Enhancing Available Light Using the PiXAPRO PIKA200 Flash by Andrew Cockerill

We’ve all at some point or another arrived on set or on location and have really struggled with the lighting that is just mediocre at best. You may have a small window at bridal prep, spotlights in the ceiling of a bar causing dark shadows under the eyes or even a single door in a in a darkly lit warehouse.

Systems like the PIKA200 are an extremely easy way to use flash to work with the light you have on set and enhance the quality of the light you have available.

In this blog post, we’ll have a look at a few images taken in a warehouse where we take the elements that are already in the photo and use flash to give the subject a more flattering and naturally lit look.

The Gear

All the images were taken with the Canon R6 and either The Sigma Art 35mm f/1.4 or the Sigma ART 50mm f/1.4

We had a PiXAPRO PIKA200 shot into a 65cm PiXAPRO Rice Bowl Softbox on the C-Stand with the 50” Boom Arm and an additional PIKA200 set up in the back. We also used the PIKA200 Dual Bracket system and we triggered the flashes with the PiXAPRO ST-IV Trigger.

The Setup and the Shoot

Paul is a videographer who wanted some images for his new website, www.acey.media. After brainstorming a few ideas, we wanted to use a location that was slightly darker but with a bit more character. This warehouse that was local to both of us was the perfect location.

Image #1

Image #1

Once on site, the first thing we needed to do before sitting our subject down is have a look at the elements that are already in the image. Here we had the loading doors just to the left of where the subject would be sitting, a lamp at the back and a series of windows higher up on the walls.

The lighting for all of the images is almost identical. Just to the left of our subject, near the open door we have a PIKA200 at 1/128 power with the Rice Bowl Softbox in the dual bracket system. For this setup we only had one of the PIKA200’s in the dual bracket so we could use its Bowens fit adapter to attach the Softbox to the light stand.

As the shoot was a little later in the day the light that was coming through the warehouse door, although relatively soft, didn’t give us enough intensity to really darken the background and keep the details on the outside of the building we wanted to really make the subject pop. We placed the Rice Bowl Softbox near the door to help enhance the light we were getting make our subject stand out from the background. Once we got the separation that we wanted between our subject and the background we wanted to add a little interest the darker parts of the image. We had noticed in there was a lampshade in the background that would have fit into the image perfectly. We added another PIKA200 into the lampshade to imitate a functional lamp. The compact size of the PIKA200’s makes them perfect for hiding in discreet places like this.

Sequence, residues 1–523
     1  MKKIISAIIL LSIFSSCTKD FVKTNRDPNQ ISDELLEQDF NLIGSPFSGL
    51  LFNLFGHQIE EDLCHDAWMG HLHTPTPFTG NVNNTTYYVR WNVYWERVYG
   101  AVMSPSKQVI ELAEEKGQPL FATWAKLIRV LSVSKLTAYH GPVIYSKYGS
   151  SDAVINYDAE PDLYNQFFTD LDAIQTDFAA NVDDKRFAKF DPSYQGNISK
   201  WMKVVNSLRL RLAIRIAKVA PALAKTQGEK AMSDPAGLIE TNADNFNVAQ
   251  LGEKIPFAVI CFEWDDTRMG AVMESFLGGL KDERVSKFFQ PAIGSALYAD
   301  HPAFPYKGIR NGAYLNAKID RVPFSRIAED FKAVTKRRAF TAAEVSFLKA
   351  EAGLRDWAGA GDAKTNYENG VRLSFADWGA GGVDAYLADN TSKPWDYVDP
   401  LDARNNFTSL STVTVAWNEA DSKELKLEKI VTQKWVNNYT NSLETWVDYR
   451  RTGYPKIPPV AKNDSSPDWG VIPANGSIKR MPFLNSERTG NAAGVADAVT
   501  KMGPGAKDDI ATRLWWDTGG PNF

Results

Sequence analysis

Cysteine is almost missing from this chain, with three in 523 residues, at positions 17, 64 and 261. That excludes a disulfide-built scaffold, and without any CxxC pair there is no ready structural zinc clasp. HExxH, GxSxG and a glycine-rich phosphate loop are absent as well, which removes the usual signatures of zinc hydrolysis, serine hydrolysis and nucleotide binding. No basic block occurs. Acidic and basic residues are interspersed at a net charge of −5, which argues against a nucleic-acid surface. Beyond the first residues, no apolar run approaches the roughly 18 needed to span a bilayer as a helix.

By having the PIKA200 within the lamp at more power than the one in the softbox, (1/64 Power), we managed to cast some of that light on the outside of our subject’s head, giving a nice separation between the shadows on his face and the shadows of the wall behind him. By balancing both the lights with the ambient light, it gives the images a slightly more cinematic feel than a traditionally lit photo would.

For the second image, the lighting was set up in pretty much the same spots as in the first image, although the PIKA200 in the Softbox was moved about 4-5 inches a little closer to the open door, the idea was to try and capture a little more of the darkness and mess that was in the rear of the warehouse.

As we were rapidly losing light we moved the subject just a little closer to the door and feature the door a little more in the image.

Although we couldn’t see outside this time, moving the subject closer to the flash and the door and keeping the door frame within the image really helped convey that the subject is looking out of a window that has copious amounts of light coming through and, once again, gives the photo a slightly more cinematic feel.

We left the second PIKA200 in the lampshade in the back just to add a little background interest. The single best thing about setting up your lights around light sources that are already available in the room, is once they are set up, they require minimal adjusting once they are up, speeding up your shooting time.

Image #2


Going forward, I really cannot see myself using any other system other than the Pixapro PIKA200’s. Though, I have recently also added a Li-ION580 Speedlite to my arsenal and am really looking forward to setting up slightly more complex lighting setups. The versatility and ease of use that the dual flash bracket along with the flash units give is, put simply, brilliant.

Not only do you have the ability to use both flashes individually as we did on this shoot, but you can put them both together with the Dual Bracket and get the same 400w total power output as the CITI400 for situations where you need a little more output from your flashes than with a traditional speedlight or a PIKA200 on its own. The integration between all the PiXAPRO systems is completely seamless and makes shooting flash an absolute pleasure!

To see more of Andrew's work, go to www.acey.media or visit their new Instagram page @acey_media.

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